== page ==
"The awkward age" was a term long ago applied to early adolescence. Today, for demographic and economic reasons, a new awkward age has emerged in the United States: people from their late 50s to late 60s. They are not "old," as a 65-year-old would have been considered 50 years ago, but they're just beyond midlife. Conventionally, this age group has been seen as on the cusp of retirement or retired, doting on their grandchildren.
Today, the picture no longer fits many of the tens of millions of Americans at this stage of life, who - in our youth-obsessed culture - generally don't think of themselves as old. Americans live 15 years longer than two generations ago. Many at this stage of life need or want to work longer. The challenge for us is both ensuring economic well-being for this rapidly growing population and helping define a new identity and purpose for people who are neither middle-aged nor truly elderly.
Many older Americans want to work or are forced by economic need to do so. Yet, they face disincentives ranging from access to Social Security, private pensions and Medicare to our society's lingering belief that it is "normal" to retire somewhere between 62 and 66 (if not earlier), to forced early retirement and, usually, subtle age discrimination. Social Security reform proposals include raising the full eligibility age, and the 1967 Age Discrimination in Employment Act barred employers from not hiring someone because of their age.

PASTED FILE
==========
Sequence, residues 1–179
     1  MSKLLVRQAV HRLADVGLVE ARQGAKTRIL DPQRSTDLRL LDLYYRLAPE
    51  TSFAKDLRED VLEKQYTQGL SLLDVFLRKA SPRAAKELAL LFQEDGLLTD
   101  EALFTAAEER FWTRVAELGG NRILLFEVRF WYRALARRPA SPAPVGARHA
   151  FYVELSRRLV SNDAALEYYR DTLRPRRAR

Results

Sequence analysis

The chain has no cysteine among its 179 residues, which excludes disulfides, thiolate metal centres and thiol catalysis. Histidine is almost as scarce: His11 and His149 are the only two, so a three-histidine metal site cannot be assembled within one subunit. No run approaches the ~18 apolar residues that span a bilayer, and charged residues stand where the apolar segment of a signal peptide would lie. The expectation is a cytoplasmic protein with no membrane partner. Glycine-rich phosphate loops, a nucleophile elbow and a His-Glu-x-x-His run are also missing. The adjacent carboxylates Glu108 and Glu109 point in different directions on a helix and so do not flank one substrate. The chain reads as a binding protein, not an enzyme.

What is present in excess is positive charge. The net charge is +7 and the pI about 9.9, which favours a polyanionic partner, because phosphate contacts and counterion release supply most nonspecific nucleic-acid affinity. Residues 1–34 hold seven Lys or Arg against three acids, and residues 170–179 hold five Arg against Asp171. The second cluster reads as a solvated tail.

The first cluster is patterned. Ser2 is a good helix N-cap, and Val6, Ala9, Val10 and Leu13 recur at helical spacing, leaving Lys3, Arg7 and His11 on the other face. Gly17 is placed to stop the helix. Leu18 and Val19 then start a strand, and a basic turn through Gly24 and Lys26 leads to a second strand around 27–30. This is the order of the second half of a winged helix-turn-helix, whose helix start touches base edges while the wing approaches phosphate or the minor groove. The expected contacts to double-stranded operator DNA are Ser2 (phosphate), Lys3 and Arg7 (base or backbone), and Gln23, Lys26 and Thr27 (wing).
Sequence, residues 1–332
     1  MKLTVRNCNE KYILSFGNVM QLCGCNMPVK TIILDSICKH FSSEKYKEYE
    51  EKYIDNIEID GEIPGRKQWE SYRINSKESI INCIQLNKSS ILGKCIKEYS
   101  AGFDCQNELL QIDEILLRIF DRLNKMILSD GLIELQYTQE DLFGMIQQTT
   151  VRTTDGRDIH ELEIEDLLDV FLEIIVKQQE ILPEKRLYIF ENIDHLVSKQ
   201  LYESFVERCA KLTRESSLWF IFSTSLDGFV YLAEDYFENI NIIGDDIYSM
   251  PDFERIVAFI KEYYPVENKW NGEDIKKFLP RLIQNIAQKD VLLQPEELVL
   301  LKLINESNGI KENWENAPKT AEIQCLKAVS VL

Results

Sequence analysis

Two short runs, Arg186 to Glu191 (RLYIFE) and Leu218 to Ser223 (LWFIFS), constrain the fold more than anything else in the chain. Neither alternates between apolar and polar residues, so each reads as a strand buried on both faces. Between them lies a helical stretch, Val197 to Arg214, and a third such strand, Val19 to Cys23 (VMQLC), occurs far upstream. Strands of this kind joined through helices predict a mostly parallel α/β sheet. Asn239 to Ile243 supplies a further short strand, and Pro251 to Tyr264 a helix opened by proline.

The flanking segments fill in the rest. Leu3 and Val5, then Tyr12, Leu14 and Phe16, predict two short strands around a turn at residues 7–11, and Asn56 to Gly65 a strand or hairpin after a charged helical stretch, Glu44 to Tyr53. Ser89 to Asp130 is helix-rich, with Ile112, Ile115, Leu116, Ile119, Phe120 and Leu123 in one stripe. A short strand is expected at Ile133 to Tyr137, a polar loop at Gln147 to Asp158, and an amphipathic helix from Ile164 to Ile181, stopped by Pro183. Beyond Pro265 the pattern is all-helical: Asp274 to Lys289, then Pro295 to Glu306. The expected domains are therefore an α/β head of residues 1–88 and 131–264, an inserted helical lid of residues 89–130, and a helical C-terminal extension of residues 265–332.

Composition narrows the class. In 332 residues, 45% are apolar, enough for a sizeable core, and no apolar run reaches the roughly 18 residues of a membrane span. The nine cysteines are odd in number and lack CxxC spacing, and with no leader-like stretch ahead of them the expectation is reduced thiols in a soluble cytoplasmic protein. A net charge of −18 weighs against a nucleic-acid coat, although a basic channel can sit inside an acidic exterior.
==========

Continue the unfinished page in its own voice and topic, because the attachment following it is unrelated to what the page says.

But demographic and employment projections pose huge challenges for this group - challenges that will only accelerate during coming decades. Of the 60 million citizens 55 and over, 25 million work (70 percent of 55-to-64-year-olds and 29 percent of those over 65, compared with 84 percent of people between 25 and 54). Labor force participation for those 65 and older has doubled during the last 15 years, although the rate is still much lower than at the end of World War II, when people died much earlier (and many simply worked until they died).
America is aging and people are healthy and active ever longer, but labor force growth is slowing: Between 2006 and 2016, the Bureau of Labor Statistics projects that the work force will increase by 83 percent among those over 65 and 36 percent among Americans 55 to 64 but barely 2 percent for those between 25 and 54 - and it will continue to decrease among those in their early 20s.